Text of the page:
How To Secure a Garage

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Garages store our valuables and shelter our automobiles, but they are often a weak point in home security. We often think to lock the front door, but we leave the door to the garage from inside the house open--the same garage that may have unlocked windows or large dog doors. Reduce your family's risk of theft or invasion by properly securing your garage.

Things You'll Need

  • Hasp and screws
  • Screwdriver
  • Padlocks
  • Survey the garage to determine possible points of entry--doors, windows and pet-access portals.

  • For windows, main garage doors and dog doors, screw a hasp to the inside of the portal, connecting the window to the window frame, the garage door to the frame or floor, etc. Secure each hasp with a padlock.

  • For doors leading from the garage to the outside, test the lock in the handle. Stable locks (such as double deadbolts) need no further fortification. But if the lock is not stable (if, for instance, the lock is part of the door handle), or if a window in the door can be broken to permit access to the lock on the inside of the door, then install a hasp, screwing the hasp to the door panel and the door frame inside the garage.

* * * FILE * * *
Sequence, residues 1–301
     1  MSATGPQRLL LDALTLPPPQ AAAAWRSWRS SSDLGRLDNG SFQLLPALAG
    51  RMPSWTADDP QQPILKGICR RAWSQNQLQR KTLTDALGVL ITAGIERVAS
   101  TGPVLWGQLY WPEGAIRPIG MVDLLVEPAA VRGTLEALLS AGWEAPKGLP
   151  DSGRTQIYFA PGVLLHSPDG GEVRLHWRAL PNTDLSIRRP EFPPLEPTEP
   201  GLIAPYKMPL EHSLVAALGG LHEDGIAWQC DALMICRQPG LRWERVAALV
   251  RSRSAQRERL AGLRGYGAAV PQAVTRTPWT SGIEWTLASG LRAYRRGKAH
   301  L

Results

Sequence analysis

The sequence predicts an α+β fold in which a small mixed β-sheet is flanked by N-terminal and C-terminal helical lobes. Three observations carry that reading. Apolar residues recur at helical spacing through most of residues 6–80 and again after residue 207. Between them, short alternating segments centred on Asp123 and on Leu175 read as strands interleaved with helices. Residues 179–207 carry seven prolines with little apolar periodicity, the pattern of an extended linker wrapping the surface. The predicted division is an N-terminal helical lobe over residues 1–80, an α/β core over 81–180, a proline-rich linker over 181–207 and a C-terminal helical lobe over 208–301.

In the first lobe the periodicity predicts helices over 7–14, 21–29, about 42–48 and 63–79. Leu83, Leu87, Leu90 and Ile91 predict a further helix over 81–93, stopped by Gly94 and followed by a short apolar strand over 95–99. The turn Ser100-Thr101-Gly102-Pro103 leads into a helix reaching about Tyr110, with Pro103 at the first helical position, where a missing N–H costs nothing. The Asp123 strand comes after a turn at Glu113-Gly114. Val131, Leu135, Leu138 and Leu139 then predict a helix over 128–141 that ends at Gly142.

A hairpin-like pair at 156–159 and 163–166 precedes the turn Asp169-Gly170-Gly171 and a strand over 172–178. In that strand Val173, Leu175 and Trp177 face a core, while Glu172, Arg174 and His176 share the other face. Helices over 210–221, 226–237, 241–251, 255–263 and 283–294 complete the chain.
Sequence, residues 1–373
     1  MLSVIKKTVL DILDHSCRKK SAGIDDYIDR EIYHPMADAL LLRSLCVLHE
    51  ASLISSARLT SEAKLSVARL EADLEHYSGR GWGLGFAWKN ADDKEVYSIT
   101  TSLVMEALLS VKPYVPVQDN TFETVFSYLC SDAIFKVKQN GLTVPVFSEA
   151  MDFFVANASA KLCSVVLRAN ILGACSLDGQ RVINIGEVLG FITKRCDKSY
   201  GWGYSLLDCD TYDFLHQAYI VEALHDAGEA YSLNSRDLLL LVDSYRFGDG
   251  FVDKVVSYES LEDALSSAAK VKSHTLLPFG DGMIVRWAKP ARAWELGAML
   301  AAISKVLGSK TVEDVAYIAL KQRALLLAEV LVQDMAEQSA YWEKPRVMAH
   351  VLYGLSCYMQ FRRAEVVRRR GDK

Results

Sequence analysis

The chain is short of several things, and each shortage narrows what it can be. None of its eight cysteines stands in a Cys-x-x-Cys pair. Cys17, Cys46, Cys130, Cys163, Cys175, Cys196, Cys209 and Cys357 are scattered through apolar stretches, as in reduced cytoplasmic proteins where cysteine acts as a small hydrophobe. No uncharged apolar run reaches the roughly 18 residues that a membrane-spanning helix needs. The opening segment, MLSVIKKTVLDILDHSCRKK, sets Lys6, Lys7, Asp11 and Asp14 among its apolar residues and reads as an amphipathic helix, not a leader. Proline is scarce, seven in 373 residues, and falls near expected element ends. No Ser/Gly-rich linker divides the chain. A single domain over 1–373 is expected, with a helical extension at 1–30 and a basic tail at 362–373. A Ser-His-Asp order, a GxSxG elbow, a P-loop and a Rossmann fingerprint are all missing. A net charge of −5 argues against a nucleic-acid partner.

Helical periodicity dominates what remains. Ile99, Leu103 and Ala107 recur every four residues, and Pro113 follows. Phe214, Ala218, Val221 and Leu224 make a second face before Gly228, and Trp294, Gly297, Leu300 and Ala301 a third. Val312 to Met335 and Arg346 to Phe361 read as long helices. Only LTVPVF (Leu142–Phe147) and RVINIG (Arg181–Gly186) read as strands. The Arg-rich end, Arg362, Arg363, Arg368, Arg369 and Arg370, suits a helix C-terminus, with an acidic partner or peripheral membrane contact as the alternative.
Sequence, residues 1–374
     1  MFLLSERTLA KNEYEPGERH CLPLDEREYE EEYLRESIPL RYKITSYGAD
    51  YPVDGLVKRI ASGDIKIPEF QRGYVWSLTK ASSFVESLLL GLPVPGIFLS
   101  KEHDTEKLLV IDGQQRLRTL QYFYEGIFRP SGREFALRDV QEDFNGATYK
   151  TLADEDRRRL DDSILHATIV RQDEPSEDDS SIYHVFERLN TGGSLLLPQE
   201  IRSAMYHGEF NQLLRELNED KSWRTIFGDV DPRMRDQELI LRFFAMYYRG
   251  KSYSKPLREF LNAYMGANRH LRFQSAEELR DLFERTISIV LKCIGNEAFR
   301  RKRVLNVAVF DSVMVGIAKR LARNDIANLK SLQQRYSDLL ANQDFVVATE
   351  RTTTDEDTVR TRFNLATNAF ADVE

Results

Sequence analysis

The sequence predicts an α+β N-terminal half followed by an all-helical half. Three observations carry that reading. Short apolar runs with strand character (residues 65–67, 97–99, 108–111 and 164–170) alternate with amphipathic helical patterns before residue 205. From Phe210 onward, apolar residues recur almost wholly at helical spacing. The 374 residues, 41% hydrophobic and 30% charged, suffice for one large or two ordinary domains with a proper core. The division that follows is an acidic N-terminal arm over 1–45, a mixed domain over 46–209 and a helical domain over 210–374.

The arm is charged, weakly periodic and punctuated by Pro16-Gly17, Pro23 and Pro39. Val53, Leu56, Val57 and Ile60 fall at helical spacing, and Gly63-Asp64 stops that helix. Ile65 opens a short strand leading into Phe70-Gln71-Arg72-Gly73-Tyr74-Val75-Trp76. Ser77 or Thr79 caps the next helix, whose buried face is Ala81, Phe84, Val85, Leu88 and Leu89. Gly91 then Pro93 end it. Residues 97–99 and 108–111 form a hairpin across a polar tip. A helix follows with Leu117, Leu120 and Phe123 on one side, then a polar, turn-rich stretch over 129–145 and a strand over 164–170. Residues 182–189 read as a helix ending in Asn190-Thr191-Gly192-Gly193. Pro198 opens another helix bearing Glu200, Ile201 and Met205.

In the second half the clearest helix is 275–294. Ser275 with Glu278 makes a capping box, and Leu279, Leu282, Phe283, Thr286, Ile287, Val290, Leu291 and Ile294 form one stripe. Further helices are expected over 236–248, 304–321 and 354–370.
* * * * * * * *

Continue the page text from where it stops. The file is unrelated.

• Reset the electronic combination for the garage-door remote opener. A prior homeowner or renter may have kept a spare opener, or a neighbor may have an unknown spare. Change the code according to the manufacturer's instructions.

  • Test the lock leading from the garage to the house. If the lock is weak, replace it or install a hasp on the door and its frame, from inside the house.

Tips & Warnings

  • Purchase padlocks in bulk--they will each have the same key core. If a dog door is nothing more than a hole in the wall, consider adding a panel to slide over the portal from inside, sealing it from possible intruders.
  • If security is paramount, change all locks immediately on taking possession of a new home.
  • When using padlocks, make sure that a person who is in the garage without a key has a means of escape--the goal is to keep people out, not in. Using a simple bolt in a hasp instead of a padlock may be an effective substitution.

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